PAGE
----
Randall Jarrell

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Photograph of Jarrell in 1956
Photograph of Jarrell in 1956

Randall Jarrell (May 6, 1914 – October 15, 1965), was a United States author, writer and poet.


  • 1 Life
  • 2 Career
  • 3 Bibliography
  • 4 External links


Jarrell was a native of Nashville, Tennessee and graduated from Vanderbilt University. At Vanderbilt, he was acquainted with poets of the Fugitives group. Jarrell followed critic John Crowe Ransom from Vanderbilt to Kenyon College in Gambier, Ohio, where Jarrell wrote a masters thesis on the poetry of Alfred Edward Housman, and roomed with poet Robert Lowell. He taught at Kenyon College, the University of Texas, the University of Illinois, Sarah Lawrence College, the University of North Carolina at Greensboro, and the University of North Carolina at Chapel Hill.

On October 14, 1965, while walking along a road in Chapel Hill near dusk, Jarrell was struck by a car and killed. The coroner ruled the death accidental, but Jarrell had recently been treated for mental illness and a previous suicide attempt. In 2004, the Metropolitan Nashville Historical Commission approved placement of a historical marker in his honor, to be placed at Hume-Fogg High School, which he attended.

The University of North Carolina at Greensboro has an extensive Randall Jarrell Collection which "includes over two thousand manuscript items and books relating to one of the mid-20th century's most important American poets and critics."[1]

Recently, community activists proposed to name a new elementary school in Greensboro in honor of Jarrell, but some parents protested due to his sordid past. The name change was defeated 7-2 by the school board, and the schools was named Northern Elementary instead.


His first collection of poetry, Blood from a Stranger, was published in 1942 — the same year he enlisted in the United States Army Air Corps. He failed to qualify to fly, however, and instead worked for the Army stateside as a control tower operator. His second and third books, Little Friend, Little Friend (1945) and Losses (1948), drew heavily on his Army experiences, dealing with the fears and moral struggles of soldiers. The Death of the Ball-Turret Gunner is a particularly famous Jarrell poem in this vein. During this period, however, he earned a reputation primarily as a critic, rather than as a poet. Encouraged by Edmund Wilson, who published Jarrell's criticism in The New Republic, Jarrell quickly became a fiercely humorous critic of fellow poets. In the post-war period, his criticism began to change, showing a more positive emphasis. His appreciations of Robert Lowell, Elizabeth Bishop, and William Carlos Williams helped to establish their reputations as significant American poets. He is also noted for his essays on Robert Frost — whose poetry was a large influence on Jarrell's own — Walt Whitman, Marianne Moore, Wallace Stevens, and others, which were mostly collected in Poetry and the Age (1953). Many scholars consider him the most astute poetry critic of his generation.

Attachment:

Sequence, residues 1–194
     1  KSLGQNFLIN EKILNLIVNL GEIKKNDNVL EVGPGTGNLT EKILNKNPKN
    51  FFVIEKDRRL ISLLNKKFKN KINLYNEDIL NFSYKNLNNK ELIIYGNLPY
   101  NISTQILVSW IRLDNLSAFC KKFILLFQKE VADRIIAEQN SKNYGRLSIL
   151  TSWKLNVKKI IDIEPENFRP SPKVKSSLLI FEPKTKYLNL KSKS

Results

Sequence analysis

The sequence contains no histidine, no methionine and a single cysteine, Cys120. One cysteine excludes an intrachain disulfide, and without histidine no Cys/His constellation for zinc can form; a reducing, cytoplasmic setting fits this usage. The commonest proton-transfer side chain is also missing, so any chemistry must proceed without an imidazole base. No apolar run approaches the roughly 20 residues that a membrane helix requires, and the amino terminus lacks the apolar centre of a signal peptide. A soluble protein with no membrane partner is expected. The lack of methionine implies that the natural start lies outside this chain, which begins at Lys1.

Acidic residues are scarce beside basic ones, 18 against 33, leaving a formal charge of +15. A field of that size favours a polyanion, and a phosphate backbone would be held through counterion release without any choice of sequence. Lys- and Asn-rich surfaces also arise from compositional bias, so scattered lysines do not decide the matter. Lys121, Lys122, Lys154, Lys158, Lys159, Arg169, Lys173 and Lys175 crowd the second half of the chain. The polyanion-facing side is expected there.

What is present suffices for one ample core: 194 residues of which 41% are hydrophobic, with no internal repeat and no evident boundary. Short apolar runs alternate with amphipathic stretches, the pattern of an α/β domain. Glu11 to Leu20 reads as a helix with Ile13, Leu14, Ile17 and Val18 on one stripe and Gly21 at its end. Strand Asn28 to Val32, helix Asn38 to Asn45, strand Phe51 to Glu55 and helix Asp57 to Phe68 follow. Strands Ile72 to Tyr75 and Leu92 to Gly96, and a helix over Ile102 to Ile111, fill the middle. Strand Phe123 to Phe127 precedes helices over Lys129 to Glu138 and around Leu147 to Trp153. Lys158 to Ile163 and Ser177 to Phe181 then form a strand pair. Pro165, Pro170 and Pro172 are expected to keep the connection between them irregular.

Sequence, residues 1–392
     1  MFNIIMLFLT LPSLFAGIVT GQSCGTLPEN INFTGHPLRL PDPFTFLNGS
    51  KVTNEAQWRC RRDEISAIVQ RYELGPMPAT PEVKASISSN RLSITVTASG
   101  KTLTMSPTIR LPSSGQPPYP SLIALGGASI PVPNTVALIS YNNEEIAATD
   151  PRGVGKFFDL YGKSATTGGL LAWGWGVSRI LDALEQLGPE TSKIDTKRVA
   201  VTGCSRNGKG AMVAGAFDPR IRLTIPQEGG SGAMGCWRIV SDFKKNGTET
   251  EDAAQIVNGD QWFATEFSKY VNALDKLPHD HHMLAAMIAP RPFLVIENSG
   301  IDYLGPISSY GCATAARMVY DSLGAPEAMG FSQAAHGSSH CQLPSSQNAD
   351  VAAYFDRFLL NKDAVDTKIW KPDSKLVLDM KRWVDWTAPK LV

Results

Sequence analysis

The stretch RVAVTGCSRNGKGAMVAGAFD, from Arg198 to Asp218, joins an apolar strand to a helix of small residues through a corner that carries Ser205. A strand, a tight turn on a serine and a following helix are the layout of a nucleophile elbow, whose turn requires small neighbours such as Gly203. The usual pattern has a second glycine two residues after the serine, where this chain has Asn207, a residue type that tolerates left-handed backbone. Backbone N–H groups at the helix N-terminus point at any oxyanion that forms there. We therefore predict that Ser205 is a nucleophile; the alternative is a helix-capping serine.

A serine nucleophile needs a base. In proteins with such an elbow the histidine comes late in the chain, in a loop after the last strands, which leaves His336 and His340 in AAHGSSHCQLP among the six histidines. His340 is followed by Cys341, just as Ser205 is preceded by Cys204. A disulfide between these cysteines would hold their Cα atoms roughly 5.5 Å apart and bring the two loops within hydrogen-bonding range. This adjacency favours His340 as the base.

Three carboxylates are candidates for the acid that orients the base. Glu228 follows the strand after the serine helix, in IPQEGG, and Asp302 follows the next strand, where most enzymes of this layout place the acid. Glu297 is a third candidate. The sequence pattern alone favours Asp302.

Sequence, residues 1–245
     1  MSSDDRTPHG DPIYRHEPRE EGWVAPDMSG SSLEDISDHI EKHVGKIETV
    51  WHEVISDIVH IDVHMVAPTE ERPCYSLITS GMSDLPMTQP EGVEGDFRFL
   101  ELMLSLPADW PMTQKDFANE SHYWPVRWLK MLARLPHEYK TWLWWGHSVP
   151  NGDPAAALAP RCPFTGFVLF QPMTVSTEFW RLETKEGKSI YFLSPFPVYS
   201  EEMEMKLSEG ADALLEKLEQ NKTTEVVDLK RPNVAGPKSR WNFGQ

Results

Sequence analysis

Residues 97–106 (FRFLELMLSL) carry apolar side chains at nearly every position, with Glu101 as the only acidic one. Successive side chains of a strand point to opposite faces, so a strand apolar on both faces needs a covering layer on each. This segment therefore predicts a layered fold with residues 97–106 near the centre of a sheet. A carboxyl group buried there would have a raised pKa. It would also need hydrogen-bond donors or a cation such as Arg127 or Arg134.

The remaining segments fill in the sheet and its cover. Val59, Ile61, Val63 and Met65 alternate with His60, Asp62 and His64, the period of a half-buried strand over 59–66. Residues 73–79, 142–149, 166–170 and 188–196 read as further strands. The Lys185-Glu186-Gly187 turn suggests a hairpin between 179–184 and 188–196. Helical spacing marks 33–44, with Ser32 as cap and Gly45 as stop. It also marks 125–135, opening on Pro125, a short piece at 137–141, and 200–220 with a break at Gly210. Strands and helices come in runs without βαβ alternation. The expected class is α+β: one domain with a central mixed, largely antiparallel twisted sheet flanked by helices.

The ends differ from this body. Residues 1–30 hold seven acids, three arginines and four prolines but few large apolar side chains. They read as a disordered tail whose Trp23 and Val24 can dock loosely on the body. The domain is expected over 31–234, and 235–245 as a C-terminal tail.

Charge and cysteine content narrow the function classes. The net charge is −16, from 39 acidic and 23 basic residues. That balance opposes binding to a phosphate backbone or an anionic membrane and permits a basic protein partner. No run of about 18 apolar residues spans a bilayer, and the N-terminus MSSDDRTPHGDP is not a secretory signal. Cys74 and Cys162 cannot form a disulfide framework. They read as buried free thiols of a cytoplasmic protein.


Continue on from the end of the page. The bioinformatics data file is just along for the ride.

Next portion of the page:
His reputation as a poet was not established until 1960, when his National Book Award-winning collection The Woman at the Washington Zoo was published. His final volume, The Lost World, published in 1966, cemented that reputation; many critics consider it his best work. Jarrell also published a satiric novel, Pictures from an Institution, in 1954 (nominated for 1955 National Book Award) — drawing upon his teaching experiences at Sarah Lawrence College, which served as the model for the fictional Benton College — and several children's stories, among which The Bat-Poet (1964) and The Animal Family (1965) are considered prominent. He translated poems by Rainer Maria Rilke and others, a play by Anton Chekhov, and several Grimm fairy tales. He served as Consultant in Poetry to the Library of Congress — a position today known as Poet Laureate Consultant in Poetry — from 1956-1958.


  • Poetry and the Age. NY: Knopf, 1953.
  • A Sad Heart at the Supermarket; essays & fables. NY: Atheneum, 1962.
  • The Bat-Poet. Pictures by Maurice Sendak. NY: Macmillan, 1964.
  • The Lost World. NY: Macmillan, 1965.
  • The animal family. Decorations by Maurice Sendak. NY: Pantheon Books, 1965. Juv / Fiction J37 a
  • The third book of criticism. NY: Farrar, Straus & Giroux, 1969.
  • The complete poems. NY: Farrar, Strauss & Giroux, 1969.
  • Kipling, Auden & Co.: essays and reviews, 1935-1964. NY: Farrar, Straus and Giroux, 1980.
  • Randall Jarrell's letters: an autobiographical and literary selection. edited by Mary Jarrell ; assisted by Stuart Wright. Boston: Houghton Mifflin, 1985.
  • Jarrell page at Modern American Poetry site
  • The Randall Jarrell collection at the University of North Carolina (UNCG)
  • Jarrell on the New York Times Featured Authors site
  • Essay on Jarrell's criticism
  • News of historical marker
  • Randall Jarrell on Find-A-Grave
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